Such an interpretation of the paramount leader’s sermon, however, is misleading. In the apartheid era, after all, ZCC doctrine confused almost all outsiders. Some highlighted what they saw as the church’s tolerance for apartheid evils, and accused the ZCC of “political acquiescence”. Others took the contrary view that the ZCC’s rituals and superficial conservatism concealed a robust cultural resistance to colonialism or even a powerful political protest against apartheid.

As Bishop Lekganyane explained the crux of the matter more than twenty years ago, ZCC theology demands that “a man cannot be a follower of God without rendering due respect to the earthly government which He has ordered.” For this reason, “the President, Prime Minister, Ministers of State, chiefs, and all members of administration, are in authority over you.”

One consequence of this doctrine was that the current Bishop’s father, His Grace Edward Lekganyane, invited representatives of the National Party to Moria even in the immediate aftermath of the Sharpeville massacre. In 1965, when Minister of Bantu Affairs de Wet Nel visited a conference, Bishop Edward thanked government for its “kindness” and “goodwill”.

Two weeks ago in Moria, Bishop Barnabas Lekganyane doubtless conferred upon President Thabo Mbeki the respect due to him as state president. However, this same obligation to a secular authority was evident in April 1985 when Lekganyane invited state president PW Botha to celebrate the 75th Easter Paseka of the ZCC with him. His Grace prayed to God to “keep our state president and Mrs. Botha safe from harm” and awarded PW the “Freedom of Moria”.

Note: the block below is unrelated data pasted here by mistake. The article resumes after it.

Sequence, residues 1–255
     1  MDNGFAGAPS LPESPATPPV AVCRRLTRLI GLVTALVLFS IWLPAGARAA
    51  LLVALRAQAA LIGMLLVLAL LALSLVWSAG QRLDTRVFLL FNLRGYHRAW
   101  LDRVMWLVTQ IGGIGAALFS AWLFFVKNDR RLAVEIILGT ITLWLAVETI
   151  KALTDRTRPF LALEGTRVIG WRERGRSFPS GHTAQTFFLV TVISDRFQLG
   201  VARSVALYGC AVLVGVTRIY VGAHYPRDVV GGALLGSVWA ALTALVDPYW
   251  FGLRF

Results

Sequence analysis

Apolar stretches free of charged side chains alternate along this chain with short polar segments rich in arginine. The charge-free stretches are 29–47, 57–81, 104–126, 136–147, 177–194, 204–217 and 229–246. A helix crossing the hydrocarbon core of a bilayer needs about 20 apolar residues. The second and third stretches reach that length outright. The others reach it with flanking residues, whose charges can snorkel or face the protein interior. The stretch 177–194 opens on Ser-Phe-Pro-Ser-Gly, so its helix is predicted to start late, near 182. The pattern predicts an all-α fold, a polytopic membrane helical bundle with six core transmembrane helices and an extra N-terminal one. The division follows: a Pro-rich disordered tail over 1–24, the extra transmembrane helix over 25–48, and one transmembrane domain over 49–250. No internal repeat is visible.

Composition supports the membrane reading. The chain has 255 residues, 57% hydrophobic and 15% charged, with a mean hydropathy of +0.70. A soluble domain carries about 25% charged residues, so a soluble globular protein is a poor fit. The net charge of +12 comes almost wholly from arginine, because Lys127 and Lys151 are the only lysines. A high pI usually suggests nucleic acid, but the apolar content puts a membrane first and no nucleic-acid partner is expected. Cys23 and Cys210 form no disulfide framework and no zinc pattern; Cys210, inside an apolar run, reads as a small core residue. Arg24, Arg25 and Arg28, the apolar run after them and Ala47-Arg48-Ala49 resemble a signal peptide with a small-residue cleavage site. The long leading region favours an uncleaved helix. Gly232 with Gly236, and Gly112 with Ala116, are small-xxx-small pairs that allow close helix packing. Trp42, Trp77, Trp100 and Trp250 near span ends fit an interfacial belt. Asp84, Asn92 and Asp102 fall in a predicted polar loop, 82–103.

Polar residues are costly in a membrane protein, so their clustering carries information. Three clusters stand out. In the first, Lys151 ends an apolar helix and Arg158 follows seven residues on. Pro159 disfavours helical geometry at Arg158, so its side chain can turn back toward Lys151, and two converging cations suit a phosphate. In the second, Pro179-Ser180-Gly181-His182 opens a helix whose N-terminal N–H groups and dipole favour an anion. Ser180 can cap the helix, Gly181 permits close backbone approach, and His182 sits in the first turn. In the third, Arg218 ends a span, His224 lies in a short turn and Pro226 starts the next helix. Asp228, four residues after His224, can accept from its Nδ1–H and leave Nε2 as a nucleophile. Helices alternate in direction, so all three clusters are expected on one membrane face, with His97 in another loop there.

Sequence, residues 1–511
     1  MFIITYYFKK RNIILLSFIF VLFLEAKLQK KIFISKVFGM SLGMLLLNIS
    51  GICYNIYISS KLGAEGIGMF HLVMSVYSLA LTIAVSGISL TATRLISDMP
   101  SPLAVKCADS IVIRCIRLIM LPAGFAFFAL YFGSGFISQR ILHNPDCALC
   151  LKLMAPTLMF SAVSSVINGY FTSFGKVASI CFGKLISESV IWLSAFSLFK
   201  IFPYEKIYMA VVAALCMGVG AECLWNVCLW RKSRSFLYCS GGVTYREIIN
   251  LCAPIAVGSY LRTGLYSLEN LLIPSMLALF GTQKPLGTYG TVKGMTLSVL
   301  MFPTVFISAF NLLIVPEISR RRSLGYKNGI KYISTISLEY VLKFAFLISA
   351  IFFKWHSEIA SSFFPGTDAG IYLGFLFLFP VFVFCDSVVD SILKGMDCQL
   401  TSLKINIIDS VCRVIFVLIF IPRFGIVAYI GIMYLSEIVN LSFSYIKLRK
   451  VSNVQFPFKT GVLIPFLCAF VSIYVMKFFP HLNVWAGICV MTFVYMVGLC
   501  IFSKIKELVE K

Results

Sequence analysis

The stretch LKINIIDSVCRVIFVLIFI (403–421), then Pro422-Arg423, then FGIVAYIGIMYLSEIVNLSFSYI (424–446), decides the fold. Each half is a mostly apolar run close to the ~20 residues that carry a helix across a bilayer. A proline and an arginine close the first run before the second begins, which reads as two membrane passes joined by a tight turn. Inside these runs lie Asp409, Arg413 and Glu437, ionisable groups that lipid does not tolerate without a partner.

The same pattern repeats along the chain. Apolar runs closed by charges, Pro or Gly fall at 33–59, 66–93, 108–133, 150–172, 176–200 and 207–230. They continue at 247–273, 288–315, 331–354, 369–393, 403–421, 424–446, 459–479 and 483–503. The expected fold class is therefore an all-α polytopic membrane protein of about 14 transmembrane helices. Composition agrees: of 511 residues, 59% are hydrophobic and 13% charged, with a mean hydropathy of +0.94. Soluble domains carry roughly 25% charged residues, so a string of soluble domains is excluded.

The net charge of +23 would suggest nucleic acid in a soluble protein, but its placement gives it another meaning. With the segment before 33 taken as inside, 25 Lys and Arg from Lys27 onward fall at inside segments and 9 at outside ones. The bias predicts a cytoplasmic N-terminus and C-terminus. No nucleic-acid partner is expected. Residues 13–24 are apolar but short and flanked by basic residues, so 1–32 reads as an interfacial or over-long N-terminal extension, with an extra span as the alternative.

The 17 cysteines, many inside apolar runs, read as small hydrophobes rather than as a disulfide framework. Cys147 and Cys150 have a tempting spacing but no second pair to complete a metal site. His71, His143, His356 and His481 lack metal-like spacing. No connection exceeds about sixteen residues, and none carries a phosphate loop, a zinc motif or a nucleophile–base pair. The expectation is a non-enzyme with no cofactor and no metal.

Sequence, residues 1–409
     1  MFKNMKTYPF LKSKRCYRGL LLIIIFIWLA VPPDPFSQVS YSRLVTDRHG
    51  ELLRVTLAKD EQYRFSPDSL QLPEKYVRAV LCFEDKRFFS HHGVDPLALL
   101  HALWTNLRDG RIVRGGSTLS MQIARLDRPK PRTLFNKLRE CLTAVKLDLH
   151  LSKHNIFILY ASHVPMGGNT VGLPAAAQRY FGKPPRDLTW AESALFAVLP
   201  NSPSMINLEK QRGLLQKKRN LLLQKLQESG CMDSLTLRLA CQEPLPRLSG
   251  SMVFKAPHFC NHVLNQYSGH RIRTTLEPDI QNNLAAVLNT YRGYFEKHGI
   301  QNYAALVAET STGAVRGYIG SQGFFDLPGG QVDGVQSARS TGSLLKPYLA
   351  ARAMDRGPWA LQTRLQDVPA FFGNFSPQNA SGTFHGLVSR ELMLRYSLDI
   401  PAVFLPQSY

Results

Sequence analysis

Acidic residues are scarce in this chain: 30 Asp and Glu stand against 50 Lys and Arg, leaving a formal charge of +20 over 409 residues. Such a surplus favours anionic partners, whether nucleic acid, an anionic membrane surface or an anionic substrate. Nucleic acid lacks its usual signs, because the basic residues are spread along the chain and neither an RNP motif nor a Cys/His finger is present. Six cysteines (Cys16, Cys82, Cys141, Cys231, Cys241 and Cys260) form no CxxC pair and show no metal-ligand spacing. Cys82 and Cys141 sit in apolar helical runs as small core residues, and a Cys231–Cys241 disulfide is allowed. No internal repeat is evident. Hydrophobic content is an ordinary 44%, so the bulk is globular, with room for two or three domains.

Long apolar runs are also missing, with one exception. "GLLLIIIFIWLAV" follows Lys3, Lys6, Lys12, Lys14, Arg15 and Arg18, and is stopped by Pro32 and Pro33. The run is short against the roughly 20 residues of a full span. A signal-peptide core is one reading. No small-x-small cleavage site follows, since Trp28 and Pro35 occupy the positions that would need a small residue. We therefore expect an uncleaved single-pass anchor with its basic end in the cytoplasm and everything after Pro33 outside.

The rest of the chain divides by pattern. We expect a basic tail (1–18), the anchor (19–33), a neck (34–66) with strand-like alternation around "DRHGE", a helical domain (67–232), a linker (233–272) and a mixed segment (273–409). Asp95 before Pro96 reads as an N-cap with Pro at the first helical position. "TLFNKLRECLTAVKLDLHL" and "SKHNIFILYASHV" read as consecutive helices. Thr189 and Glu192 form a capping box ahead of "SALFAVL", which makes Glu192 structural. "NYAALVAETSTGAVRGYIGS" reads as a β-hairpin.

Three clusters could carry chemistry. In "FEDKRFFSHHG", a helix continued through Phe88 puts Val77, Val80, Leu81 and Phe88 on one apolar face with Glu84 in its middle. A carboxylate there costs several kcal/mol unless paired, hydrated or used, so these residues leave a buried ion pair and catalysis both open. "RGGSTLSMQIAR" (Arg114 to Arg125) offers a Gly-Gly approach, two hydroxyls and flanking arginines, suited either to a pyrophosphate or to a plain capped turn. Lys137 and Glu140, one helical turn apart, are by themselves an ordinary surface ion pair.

The Groot Krokodil inevitably interpreted this gesture as tacit support for the apartheid regime and gratefully told ZCC members that “you respect law, order and authority. I have come to tell you that we see this.”

Botha’s gloating was based upon ignorance of a theology that insists on due respect for the earthly authorities created by God. In 1986, a year after Botha’s visit, in a sermon delivered to believers and reported only in the ZCC’s official newsletter, the Bishop spoke quite unequivocally about institutionalised racism: “The ZCC, and I as a leader, detest apartheid together with all of its discriminatory laws”.

Despite often profound social conservatism, ordinary members were also a long way from the mindless accommodators of apartheid they were often made out to be. Indeed, when all opposition parties were unbanned in 1990, thousands of ZCC believers immediately became ANC activists.

Today, the Zionist obligation to respect secular authority still conceals a wide spectrum of political opinion and a high degree of underlying political sophistication. Members of the ZCC will not be swayed, and are unlikely to be impressed, by attempts from whatever quarter to mobilise them as recruits in a merely political campaign to advance factional or personal interests.

Butler teaches public policy at UCT.